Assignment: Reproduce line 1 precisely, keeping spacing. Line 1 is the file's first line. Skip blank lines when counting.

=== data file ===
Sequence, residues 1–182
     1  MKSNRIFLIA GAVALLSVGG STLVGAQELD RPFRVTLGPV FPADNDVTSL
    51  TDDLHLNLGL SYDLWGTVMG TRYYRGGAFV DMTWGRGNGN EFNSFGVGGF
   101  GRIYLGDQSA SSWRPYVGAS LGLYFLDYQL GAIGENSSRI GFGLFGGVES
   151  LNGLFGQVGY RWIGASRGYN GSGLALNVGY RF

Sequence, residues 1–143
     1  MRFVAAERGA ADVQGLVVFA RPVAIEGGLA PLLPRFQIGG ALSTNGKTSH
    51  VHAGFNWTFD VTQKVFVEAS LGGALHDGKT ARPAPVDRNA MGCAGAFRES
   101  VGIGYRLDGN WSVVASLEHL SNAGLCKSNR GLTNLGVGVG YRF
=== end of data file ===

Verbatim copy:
Sequence, residues 1–182